Restricting cattle herds based on inconclusive TB results is a step too far, ICSA animal health and welfare chair Hugh Farrell has said.

He said the Department of Agriculture was wrong to introduce new TB protocols around the removal of inconclusives in advance of the substantive issues around compensation being decided upon at the TB Forum.

“The work of the TB Forum is not complete without the matters around compensation being resolved. Yet, the Department have moved ahead and introduced further measures that will impact farmers financially. This is grossly unfair,” he said.

The revised guidance from the Department is that when a breakdown occurs, cattle which previously tested inconclusive within the herd should be removed as in-contacts, and that when four or more inconclusives are disclosed at a herd test, they should be deemed reactors, according to the ICSA.

Too far

Farrell said the ICSA does not dispute the need for the guidelines around inconclusives to be firmed up, but restricting herds based on inconclusive results is a step too far.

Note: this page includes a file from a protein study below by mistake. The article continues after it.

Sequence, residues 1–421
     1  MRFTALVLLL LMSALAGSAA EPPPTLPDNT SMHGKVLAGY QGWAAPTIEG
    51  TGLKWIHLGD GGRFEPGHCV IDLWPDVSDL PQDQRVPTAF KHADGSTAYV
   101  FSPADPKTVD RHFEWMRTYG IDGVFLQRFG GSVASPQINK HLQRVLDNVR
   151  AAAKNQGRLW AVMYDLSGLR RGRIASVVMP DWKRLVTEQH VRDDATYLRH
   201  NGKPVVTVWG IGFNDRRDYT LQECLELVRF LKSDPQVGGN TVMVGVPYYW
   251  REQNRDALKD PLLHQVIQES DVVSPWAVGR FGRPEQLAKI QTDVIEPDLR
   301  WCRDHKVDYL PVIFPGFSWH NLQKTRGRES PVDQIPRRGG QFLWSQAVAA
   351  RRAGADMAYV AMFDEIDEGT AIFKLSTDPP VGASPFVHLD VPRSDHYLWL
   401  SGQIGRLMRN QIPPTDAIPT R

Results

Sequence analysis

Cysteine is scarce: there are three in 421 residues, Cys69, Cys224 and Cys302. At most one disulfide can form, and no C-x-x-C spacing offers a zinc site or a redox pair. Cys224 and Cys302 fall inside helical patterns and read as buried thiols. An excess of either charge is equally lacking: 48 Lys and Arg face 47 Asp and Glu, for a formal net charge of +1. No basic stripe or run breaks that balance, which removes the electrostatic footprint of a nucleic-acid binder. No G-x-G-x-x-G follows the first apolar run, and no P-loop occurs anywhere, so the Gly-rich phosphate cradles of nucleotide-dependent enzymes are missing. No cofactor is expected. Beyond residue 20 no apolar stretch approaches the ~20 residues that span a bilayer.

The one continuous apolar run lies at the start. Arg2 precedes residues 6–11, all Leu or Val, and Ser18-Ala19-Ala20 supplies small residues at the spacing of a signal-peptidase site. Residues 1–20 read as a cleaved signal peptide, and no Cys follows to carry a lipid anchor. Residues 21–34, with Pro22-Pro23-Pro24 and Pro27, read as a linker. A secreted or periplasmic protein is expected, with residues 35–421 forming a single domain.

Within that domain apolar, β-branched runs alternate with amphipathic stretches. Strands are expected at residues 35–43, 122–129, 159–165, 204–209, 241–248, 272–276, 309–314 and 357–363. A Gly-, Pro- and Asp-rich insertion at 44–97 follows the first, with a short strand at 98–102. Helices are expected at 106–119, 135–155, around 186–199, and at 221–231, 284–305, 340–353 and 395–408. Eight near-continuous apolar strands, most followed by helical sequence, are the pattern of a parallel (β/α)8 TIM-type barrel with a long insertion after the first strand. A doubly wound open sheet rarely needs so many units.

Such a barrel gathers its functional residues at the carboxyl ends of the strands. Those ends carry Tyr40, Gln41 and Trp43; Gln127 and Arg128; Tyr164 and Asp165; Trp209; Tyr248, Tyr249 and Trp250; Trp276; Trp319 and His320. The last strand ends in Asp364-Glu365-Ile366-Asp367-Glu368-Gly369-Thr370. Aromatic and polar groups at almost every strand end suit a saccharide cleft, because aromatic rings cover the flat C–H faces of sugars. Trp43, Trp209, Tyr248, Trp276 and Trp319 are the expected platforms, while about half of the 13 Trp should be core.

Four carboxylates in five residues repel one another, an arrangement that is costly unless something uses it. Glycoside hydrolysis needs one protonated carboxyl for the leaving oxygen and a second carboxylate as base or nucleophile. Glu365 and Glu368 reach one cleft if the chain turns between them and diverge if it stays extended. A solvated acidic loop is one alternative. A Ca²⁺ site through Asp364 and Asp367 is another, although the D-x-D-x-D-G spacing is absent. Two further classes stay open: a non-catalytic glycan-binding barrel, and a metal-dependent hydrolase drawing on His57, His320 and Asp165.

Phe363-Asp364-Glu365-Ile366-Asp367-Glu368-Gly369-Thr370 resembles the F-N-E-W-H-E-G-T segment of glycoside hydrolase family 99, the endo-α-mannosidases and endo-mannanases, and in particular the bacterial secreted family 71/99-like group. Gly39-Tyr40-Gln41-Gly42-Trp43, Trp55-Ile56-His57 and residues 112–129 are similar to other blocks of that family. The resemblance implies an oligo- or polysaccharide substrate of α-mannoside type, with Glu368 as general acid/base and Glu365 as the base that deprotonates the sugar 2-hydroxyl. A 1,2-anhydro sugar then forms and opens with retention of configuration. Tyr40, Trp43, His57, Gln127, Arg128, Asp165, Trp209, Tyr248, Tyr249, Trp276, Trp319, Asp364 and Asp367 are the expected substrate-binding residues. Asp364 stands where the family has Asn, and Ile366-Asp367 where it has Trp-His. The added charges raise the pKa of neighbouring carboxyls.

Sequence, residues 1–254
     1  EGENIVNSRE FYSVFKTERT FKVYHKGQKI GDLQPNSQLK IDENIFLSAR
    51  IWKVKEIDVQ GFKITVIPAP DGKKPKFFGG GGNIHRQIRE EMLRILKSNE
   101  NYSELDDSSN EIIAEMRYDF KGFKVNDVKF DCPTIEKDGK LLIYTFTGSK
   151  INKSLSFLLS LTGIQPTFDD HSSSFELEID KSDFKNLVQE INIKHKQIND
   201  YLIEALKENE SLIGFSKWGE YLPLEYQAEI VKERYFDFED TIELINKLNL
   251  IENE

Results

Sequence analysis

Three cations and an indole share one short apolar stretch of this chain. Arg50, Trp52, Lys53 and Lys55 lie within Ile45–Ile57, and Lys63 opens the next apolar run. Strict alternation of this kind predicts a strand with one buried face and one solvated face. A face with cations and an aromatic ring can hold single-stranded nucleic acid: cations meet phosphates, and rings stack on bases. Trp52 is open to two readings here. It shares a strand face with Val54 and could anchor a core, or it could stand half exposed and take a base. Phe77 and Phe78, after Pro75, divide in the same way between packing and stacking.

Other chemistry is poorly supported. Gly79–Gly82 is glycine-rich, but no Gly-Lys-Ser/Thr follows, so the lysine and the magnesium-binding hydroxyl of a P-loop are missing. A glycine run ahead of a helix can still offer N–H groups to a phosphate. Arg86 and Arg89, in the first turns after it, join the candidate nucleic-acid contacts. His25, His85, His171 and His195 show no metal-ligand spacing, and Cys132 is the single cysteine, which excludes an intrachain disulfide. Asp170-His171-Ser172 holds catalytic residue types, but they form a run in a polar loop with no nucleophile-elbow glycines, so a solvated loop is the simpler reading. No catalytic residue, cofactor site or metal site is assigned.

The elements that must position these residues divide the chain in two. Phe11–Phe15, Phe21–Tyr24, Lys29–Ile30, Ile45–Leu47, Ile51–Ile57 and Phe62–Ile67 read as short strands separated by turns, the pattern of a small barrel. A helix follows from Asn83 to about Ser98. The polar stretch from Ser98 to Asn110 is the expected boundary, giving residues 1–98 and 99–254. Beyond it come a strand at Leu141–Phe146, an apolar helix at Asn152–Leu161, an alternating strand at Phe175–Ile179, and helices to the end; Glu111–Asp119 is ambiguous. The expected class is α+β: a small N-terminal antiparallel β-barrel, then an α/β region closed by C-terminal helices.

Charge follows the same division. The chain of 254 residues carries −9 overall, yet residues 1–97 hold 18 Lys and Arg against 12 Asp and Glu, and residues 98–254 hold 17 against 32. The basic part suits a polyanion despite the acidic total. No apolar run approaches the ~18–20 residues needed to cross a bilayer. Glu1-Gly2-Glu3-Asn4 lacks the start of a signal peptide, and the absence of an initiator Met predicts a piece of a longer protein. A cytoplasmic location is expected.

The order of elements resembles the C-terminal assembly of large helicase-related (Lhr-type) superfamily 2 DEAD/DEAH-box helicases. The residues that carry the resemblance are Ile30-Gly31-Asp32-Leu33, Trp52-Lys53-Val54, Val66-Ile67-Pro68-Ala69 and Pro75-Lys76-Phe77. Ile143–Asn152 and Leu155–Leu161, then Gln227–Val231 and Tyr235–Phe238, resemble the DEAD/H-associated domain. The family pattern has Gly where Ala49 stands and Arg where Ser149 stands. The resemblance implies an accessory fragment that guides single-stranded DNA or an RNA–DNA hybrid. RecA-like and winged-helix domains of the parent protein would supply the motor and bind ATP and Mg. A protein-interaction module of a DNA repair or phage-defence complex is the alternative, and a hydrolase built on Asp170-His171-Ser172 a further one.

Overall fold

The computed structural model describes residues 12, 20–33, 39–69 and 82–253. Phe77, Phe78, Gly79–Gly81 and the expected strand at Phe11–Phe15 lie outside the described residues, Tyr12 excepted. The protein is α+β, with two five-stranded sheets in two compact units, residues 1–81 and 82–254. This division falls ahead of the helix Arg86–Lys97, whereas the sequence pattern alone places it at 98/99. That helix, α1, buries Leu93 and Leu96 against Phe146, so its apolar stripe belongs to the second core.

“Inconclusives should not be deemed reactors unless they are part of a TB breakdown and a herd should not be locked-up on the basis of having inconclusives alone under any circumstances.

“Farmers deserve scientific proof that there is TB on their farm if they are to be expected to take a big financial hit by being locked-up. Can they give us a definition of what exactly an inclonclusive is, or how farmers can have any confidence in a system that would be based on completely subjective analysis?” he asked.


The ICSA is insisting that a clear result at an annual herd test should be valid for one year.

“Too many farmers are receiving notifications about doing their herd tests months in advance of their due date. Being forced to complete herd tests early is unacceptable as the herd has been deemed in-test, and this should remain the case for a period of 12 months, and no less.”

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